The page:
A reader writes:

I followed with interest Ryan McMaken’s analysis of the “6 Myths Catholics Tell About Libertarians” and your subsequent response.  I am a devout Catholic, which defines both my theological and political philosophy.  However, in the interest of clarity, I tell people that, politically, I am a Christarchist.  Christ is my King and I recognize no other “king” as legitimate.  Christ never forces us.  He never undermines the free Will with which He has blessed us.  We either choose to love Him or not and He allows us to reap the natural consequences of our decisions.  Our state, in fact all states, are the “king” described in 1 Samuel 8.  This is something I pray more Catholics and other christians would wake up to.  Supporting the state, (that which threatens, murders, steals, kidnaps, beats, lies, and destroys, etc.) is a rejection of Godly principles.  Even validating the state’s legitimacy by willingly participating in their processes undermines the true freedom that God has given us.  God is a voluntaryist.  Thank you for your time.

I take your word for it that you are a devout Catholic.  However, you don’t seem to really know what the Church teaches concerning our relationship to the state, because the Catholic Church does not and never has espoused anything even remotely resembling your description of “Christarchy” which is really just extreme libertarianism with bits and pieces of scripture and theology tacked on to it to season it to taste.

It is true that 1 Samuel 8 gives a devastating (and amazingly contemporary) critique of the state after Israel demands a king. But it is an *extremely* selective reading of Scripture that simply ignores another famous passage Catholics are bound to acknowledge:

Let every person be subject to the governing authorities. For there is no authority except from God, and those that exist have been instituted by God. Therefore he who resists the authorities resists what God has appointed, and those who resist will incur judgment. For rulers are not a terror to good conduct, but to bad. Would you have no fear of him who is in authority? Then do what is good, and you will receive his approval, for he is God’s servant for your good. But if you do wrong, be afraid, for he does not bear the sword in vain; he is the servant of God to execute his wrath on the wrongdoer. Therefore one must be subject, not only to avoid God’s wrath but also for the sake of conscience. For the same reason you also pay taxes, for the authorities are ministers of God, attending to this very thing. Pay all of them their dues, taxes to whom taxes are due, revenue to whom revenue is due, respect to whom respect is due, honor to whom honor is due. (Romans 13:1-7)

And the Catechism says:

1918 “There is no authority except from God, and those authorities that exist have been instituted by God” (Rom 13:1).

1919 Every human community needs an authority in order to endure and develop.

1920 “The political community and public authority are based on human nature and therefore . . . belong to an order established by God” (GS 74 § 3).

1921 Authority is exercised legitimately if it is committed to the common good of society. To attain this it must employ morally acceptable means.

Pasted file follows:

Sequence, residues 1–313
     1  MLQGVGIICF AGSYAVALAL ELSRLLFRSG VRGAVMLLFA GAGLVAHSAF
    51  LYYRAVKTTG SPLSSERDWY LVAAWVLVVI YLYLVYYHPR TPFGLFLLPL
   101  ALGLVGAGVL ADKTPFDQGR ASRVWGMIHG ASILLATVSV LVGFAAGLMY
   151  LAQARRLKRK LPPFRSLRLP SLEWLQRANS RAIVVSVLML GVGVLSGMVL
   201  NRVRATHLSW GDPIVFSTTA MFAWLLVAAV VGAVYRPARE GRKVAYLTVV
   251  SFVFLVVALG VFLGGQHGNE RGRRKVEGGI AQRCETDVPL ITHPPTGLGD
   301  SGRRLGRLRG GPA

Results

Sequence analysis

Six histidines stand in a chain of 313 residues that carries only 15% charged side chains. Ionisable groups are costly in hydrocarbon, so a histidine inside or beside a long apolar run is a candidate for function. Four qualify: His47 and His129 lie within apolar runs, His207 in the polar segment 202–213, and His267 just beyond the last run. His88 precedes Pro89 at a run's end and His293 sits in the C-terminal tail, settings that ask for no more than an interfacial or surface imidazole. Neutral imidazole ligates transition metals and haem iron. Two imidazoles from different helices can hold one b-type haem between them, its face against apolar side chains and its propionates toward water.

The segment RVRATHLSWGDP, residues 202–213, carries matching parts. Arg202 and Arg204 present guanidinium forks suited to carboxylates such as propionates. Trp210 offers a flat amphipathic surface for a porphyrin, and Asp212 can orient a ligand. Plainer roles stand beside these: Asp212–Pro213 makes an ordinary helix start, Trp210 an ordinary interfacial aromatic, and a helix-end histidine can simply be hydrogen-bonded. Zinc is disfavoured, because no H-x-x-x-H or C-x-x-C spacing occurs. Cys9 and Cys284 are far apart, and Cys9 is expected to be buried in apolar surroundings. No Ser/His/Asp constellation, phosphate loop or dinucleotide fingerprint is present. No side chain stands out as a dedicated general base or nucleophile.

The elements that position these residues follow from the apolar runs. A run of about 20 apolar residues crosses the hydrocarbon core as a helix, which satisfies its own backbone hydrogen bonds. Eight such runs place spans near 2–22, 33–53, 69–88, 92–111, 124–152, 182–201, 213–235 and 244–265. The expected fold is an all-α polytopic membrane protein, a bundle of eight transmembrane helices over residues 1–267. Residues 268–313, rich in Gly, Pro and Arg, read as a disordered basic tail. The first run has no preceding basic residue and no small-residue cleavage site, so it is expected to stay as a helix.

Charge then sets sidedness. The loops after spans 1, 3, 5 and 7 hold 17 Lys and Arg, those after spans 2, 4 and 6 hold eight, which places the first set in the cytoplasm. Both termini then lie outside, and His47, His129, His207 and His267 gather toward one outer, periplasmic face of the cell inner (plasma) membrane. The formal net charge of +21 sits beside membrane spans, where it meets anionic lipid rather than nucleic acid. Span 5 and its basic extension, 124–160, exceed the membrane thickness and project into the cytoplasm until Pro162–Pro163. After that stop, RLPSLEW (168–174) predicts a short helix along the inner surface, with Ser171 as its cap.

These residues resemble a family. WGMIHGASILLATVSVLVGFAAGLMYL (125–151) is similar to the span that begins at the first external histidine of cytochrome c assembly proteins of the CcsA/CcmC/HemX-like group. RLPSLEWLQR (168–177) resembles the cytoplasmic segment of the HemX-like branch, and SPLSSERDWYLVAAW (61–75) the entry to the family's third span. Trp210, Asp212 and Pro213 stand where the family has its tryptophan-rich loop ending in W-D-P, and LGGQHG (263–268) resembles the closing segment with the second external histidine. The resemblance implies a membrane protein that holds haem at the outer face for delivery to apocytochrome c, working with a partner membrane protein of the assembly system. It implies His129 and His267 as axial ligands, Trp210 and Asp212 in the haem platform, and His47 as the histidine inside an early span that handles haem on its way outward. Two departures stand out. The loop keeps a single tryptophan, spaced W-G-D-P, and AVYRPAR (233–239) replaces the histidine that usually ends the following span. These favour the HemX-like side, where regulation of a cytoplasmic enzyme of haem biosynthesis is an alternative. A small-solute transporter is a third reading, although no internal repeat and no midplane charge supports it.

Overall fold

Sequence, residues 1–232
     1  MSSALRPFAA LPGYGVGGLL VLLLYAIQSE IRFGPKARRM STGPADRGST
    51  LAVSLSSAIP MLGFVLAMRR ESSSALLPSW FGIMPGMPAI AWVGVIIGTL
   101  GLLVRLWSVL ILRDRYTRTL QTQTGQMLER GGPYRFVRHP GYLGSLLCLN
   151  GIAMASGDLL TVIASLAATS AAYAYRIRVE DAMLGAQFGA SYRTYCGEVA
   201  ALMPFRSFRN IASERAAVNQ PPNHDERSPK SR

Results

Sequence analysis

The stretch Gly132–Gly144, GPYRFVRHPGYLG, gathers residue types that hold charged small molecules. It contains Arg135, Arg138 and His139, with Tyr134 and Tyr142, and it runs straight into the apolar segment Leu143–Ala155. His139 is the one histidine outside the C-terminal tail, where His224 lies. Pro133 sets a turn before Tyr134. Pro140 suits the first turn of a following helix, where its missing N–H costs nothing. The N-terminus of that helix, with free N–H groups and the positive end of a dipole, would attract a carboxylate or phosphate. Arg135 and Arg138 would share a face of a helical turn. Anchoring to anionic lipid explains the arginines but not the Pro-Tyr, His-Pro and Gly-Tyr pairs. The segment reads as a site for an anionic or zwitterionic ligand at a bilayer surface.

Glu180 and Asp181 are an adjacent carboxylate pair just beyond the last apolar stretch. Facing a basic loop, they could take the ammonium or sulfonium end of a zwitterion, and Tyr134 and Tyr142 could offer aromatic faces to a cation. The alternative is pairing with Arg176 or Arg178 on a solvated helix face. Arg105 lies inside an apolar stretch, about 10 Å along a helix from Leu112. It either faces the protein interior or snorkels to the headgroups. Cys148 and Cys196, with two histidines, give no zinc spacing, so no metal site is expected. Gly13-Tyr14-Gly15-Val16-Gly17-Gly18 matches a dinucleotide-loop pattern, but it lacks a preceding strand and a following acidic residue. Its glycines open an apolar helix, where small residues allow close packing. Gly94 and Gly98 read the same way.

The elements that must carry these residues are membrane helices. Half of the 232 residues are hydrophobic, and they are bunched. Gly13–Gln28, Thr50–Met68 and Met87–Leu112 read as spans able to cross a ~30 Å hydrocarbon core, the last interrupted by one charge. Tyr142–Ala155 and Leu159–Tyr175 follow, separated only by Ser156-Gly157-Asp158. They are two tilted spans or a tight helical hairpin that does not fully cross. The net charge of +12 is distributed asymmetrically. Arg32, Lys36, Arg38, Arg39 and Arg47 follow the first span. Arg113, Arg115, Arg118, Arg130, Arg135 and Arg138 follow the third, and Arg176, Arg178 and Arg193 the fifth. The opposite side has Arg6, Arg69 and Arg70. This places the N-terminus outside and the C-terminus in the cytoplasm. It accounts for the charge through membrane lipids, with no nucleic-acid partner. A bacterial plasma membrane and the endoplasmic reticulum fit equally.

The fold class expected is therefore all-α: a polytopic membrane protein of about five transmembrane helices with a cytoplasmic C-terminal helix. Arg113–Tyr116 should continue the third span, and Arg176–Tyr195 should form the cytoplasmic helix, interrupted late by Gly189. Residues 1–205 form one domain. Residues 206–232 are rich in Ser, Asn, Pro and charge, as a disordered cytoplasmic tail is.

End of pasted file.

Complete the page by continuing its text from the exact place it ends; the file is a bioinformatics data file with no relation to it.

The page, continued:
1922 The diversity of political regimes is legitimate, provided they contribute to the good of the community.

1923 Political authority must be exercised within the limits of the moral order and must guarantee the conditions for the exercise of freedom.

1924 The common good comprises “the sum total of social conditions which allow people, either as groups or as individuals, to reach their fulfillment more fully and more easily” (GS 26 1).

1925 The common good consists of three essential elements: respect for and promotion of the fundamental rights of the person; prosperity, or the development of the spiritual and temporal goods of society; the peace and security of the group and of its members.

1926 The dignity of the human person requires the pursuit of the common good. Everyone should be concerned to create and support institutions that improve the conditions of human life.

1927 It is the role of the state to defend and promote the common good of civil society. The common good of the whole human family calls for an organization of society on the international level.

The Church knows nothing of an either/or approach to the state and the kingship of Christ.  All earthly authority derives from God who gave it.  Caesar has legitimate authority, even when he’s a very bad Caesar (such as Nero, the emperor when Paul penned Romans).  Of course, Caesar’s authority is not limitless.  It is circumscribed by the law of God such that an unjust law is no law at all.  But within its proper sphere, that state has real authority, even if the state if deeply corrupt (as states usually are).  If you commit a burglary in the Nero’s Rome, the state as the right to arrest you.  That authority is something misused does not mean there is no such thing as earthly authoriity.  The state has a real role according to Paul and the Church.  If we are not to participate in and obey the legitimate commands of the state then why did Jesus say “Render unto Caesar the things that are Caesar’s and unto God the things that are God’s”?  Why did he and the apostles after him tell us to pay our taxes?

Christarchism is a Christian heresy.  Jesus’ kingdom is not of this world, as he himself said, and he never intended to set himself up as an earthly king.  Trying to make him one against his will is therefore doomed to failure.  Jesus left the work of earthly rulers to earthly rulers just as he left the work of fathering to fathers.  Jesus, in fact, leaves a great deal to us to do in our proper role as creatures, precisely because he respects our freedom.